Wide receiver David Boston will get his day in court, but he’s seen his last day as a Tampa Bay Buccaneer.

The Buccaneers reached an injury settlement with Boston and released him on Wednesday.

Boston’s release comes one week after the Pinellas Park Police Department announced that it planned to follow through with a misdemeanor DUI charge stemming from his Aug. 23 arrest and a urinalysis test that came up positive for GHB in his system.

Boston still maintains his innocence, and the Bucs believe there’s still a chance the wide receiver is in fact innocent, but general manager Bruce Allen stated Wednesday that the results of Boston’s urinalysis caught organization’s attention.

“That’s a serious charge to make, and we talked to David about that and there are obviously two sides to the story,” said Allen. “David has said he’s innocent, and we’ll let him defend himself. But we take that very seriously.

“I think the courts will determine his innocence or guilt. We’ll let it go at that.”

Boston was arrested on Aug. 23 after he was found asleep at the wheel of his vehicle while stopped at a red light at a Pinellas Park intersection. The vehicle was still running.

According to police reports, the Pinellas Park policemen on the scene had to wake Boston, who then informed the police that he was heading from Celebration in Orlando to the Tampa International Airport. The Bucs conducted training camp near Celebration, but it ended on Aug. 16

Boston passed a breathalyzer test after he blew a 0.000. However, police arrested him shortly after putting him through a field sobriety test.

One day after Boston’s arrest, the Bucs released a statement that said there was no “objective evidence” that suggested Boston was guilty of the charge brought against him.

Last Thursday, the Pinellas Park Police Department announced that Boston’s urinalysis had tested positive for GHB, also known as gamma hydroxybutrate, a central nervous system depressant that is often used by body builders as an aid to burn fat and build muscle. GHB is taken in liquid or powder form and has also been referred to as “liquid ecstasy” and the “date rape drug” as it can cause drowsiness, dizziness, nausea and visual disturbances.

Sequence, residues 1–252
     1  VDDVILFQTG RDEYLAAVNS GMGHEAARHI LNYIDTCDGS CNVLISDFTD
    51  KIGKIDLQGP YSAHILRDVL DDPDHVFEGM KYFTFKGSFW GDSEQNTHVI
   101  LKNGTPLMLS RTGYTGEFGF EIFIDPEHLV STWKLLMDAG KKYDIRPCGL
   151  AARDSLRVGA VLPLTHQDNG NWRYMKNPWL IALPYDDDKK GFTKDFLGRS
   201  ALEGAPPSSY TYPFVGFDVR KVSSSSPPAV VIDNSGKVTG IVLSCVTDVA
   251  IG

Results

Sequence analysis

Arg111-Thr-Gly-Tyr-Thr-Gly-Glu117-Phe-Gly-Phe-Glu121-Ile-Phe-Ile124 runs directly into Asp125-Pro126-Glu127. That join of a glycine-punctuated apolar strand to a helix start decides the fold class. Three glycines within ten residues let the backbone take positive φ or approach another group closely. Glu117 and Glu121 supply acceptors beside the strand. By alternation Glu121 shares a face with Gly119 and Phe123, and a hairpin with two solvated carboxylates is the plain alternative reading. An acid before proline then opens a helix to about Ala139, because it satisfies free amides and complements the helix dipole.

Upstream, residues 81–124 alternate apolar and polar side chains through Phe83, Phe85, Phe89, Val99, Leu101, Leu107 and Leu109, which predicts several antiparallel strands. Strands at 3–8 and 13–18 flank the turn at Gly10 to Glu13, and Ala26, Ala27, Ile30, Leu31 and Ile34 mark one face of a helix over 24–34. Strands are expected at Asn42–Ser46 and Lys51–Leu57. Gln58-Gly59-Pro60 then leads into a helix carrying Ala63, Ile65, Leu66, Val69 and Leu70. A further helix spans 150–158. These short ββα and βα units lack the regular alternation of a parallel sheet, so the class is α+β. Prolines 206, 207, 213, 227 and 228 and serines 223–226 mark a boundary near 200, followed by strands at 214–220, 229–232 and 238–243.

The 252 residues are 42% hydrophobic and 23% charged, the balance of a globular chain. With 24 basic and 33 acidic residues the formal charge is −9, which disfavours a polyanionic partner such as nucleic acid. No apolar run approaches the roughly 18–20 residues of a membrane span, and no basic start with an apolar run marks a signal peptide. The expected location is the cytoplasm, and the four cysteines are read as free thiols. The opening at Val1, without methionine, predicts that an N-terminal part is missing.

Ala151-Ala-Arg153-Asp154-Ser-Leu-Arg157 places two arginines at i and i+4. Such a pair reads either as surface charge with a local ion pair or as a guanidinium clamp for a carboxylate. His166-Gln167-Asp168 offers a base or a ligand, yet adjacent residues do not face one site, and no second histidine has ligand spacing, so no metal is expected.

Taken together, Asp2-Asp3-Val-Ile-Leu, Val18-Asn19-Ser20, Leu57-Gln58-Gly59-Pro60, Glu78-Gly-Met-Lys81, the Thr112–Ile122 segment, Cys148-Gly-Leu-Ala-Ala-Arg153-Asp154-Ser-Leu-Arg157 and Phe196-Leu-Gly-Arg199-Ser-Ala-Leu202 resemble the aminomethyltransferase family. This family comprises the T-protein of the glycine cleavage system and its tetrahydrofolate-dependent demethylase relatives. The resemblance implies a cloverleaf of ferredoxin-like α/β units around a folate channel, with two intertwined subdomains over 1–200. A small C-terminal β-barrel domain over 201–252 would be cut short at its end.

Shortly after the Pinellas Park Police Department released the results of Boston’s urinalysis, the former first-round draft pick released the following statement.

"All I am able to say at this time is that I have done nothing wrong; I was not impaired. I have assured, and will continue to assure, the Buccaneers that I have done nothing wrong. And, in the end when this matter is resolved the facts will show that I have done nothing wrong. I appreciate the Buccaneers organization believing in me and the fans for their support."

Despite the fact that Boston continued to proclaim his innocence, the results of his urinalysis – along with his foot injury– apparently changed things from the Bucs’ perspective.

“The evidence we saw and the evidence we gathered, and the other tests we had other experts look at and we felt at that time there was no objective evidence,” said Allen.

“At the time we made that statement all of the evidence was pointing in his favor. Obviously something came out three weeks after that, and that obviously didn’t look favorable on David.”

The Bucs planned on having Boston play in the team’s 2007 regular season opener in Seattle, but he injured ligaments in his foot during pre-game warm-ups. Boston was active for the game but didn’t play vs. the Seahawks.

That injury along with Boston’s off-the-field issue prompted the Bucs to reach an injury settlement with him and release him. The Bucs filled Boston’s 53-man roster spot by signing WR Mark Jones.

“His injury is a legitimate injury,” Allen said. “Otherwise he would have played in the game against Seattle. We feel we need a healthy receiver for this game. It’s in the Bucs’ best interest to go in this direction. Bringing Mark back is a move that will help us, especially when you consider some of the other bumps and bruises we have. We needed some help in the return game.”